No, it varies with product and is heavily conditional on your entry. Your experience is to be expected, adverse selection is often just sufficiently large enough to deter you from improving your execution prices by turning a liquidity-taking strategy into a BBO-pegging strategy, i.e. arbitrage-free between peg order and marketable crosses.
Not to sure how much data you need, but I found Coinscious quoted the most affordable prices for historical data. You can get them as flat files or they offer API access. Their free level might work for you to start.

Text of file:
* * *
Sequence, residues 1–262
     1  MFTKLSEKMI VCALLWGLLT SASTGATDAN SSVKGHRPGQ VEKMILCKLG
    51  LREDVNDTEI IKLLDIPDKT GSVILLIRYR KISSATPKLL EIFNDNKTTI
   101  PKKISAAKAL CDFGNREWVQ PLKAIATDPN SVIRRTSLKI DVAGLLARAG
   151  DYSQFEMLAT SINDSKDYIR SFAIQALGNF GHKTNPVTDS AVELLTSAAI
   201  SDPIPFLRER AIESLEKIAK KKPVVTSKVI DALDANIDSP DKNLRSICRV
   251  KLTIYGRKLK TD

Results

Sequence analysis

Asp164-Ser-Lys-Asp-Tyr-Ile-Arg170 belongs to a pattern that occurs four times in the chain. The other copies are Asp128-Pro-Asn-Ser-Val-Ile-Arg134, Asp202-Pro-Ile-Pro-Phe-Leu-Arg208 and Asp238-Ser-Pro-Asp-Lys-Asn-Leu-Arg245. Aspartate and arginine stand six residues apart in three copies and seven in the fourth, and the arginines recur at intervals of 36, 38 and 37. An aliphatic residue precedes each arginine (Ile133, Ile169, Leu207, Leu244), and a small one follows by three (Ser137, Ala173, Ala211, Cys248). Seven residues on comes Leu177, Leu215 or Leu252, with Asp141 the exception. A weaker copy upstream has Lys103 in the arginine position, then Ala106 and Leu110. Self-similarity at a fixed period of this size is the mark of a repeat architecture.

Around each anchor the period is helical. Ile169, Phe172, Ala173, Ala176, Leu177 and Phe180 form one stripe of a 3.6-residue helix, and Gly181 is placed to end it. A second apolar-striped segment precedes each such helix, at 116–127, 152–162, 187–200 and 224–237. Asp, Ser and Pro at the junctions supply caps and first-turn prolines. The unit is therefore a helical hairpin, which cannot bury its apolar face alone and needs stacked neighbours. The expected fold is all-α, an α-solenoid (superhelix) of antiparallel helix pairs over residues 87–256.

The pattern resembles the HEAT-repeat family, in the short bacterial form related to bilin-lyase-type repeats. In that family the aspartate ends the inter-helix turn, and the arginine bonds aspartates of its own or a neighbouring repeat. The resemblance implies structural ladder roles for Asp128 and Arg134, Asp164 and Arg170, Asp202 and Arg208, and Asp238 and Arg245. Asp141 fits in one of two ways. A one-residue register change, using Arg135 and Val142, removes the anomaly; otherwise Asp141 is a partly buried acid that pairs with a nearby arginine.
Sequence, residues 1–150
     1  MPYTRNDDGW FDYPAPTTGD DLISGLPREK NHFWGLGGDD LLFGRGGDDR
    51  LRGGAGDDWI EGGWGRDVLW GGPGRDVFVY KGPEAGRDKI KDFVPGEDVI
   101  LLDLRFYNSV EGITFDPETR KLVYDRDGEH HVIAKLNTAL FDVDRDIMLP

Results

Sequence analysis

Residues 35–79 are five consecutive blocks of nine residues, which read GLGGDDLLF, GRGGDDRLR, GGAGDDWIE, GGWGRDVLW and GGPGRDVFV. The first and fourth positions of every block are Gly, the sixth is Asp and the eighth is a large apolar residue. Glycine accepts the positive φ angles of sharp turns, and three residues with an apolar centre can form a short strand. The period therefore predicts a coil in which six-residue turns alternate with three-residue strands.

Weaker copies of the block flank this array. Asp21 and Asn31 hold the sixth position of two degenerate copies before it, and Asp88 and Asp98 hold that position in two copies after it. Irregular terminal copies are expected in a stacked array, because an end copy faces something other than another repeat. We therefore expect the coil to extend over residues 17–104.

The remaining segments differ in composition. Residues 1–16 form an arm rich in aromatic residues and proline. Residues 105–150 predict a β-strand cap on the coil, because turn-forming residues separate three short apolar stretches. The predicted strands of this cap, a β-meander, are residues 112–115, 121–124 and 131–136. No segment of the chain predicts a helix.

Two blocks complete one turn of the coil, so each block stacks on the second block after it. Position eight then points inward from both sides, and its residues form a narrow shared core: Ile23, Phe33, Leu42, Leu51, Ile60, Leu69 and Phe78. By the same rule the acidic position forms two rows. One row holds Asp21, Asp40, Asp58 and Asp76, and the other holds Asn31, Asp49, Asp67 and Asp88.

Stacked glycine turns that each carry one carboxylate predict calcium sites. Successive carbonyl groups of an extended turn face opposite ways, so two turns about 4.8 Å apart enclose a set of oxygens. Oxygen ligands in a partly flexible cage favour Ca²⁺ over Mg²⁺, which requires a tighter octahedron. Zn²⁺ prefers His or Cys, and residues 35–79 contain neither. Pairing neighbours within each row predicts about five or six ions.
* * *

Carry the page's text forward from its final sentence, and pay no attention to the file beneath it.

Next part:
CME ED Futures
If we take 3m CME ED Libor IR futures, the value is \$2,500 * IMM - that is, the movements in the contract price are amplified by \$2,500. If the contract moves from 95.00 to 95.01, that means a movement in the value of a position of 1 contract by +0.01*\$2,500=\$25. That relationship does not change, but the tick size does change when each ...